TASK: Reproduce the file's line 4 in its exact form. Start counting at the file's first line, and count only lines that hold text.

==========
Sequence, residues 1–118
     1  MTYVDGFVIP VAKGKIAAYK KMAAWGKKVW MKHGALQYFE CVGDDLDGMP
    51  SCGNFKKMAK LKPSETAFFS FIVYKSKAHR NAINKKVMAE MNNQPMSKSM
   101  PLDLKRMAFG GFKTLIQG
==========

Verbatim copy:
   101  PLDLKRMAFG GFKTLIQG